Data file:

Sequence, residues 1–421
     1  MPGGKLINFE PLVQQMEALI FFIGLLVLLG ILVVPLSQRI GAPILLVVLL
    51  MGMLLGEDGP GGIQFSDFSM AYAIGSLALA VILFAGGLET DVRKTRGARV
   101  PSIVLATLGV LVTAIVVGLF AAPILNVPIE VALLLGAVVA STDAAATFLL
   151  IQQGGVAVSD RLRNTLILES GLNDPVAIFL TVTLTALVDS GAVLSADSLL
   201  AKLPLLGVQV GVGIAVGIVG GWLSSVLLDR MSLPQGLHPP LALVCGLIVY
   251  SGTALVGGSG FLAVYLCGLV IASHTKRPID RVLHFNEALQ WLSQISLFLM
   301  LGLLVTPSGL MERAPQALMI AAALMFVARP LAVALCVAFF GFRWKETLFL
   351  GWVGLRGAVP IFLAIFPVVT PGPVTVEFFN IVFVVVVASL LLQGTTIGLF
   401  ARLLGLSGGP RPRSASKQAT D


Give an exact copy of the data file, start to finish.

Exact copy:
Sequence, residues 1–421
     1  MPGGKLINFE PLVQQMEALI FFIGLLVLLG ILVVPLSQRI GAPILLVVLL
    51  MGMLLGEDGP GGIQFSDFSM AYAIGSLALA VILFAGGLET DVRKTRGARV
   101  PSIVLATLGV LVTAIVVGLF AAPILNVPIE VALLLGAVVA STDAAATFLL
   151  IQQGGVAVSD RLRNTLILES GLNDPVAIFL TVTLTALVDS GAVLSADSLL
   201  AKLPLLGVQV GVGIAVGIVG GWLSSVLLDR MSLPQGLHPP LALVCGLIVY
   251  SGTALVGGSG FLAVYLCGLV IASHTKRPID RVLHFNEALQ WLSQISLFLM
   301  LGLLVTPSGL MERAPQALMI AAALMFVARP LAVALCVAFF GFRWKETLFL
   351  GWVGLRGAVP IFLAIFPVVT PGPVTVEFFN IVFVVVVASL LLQGTTIGLF
   401  ARLLGLSGGP RPRSASKQAT D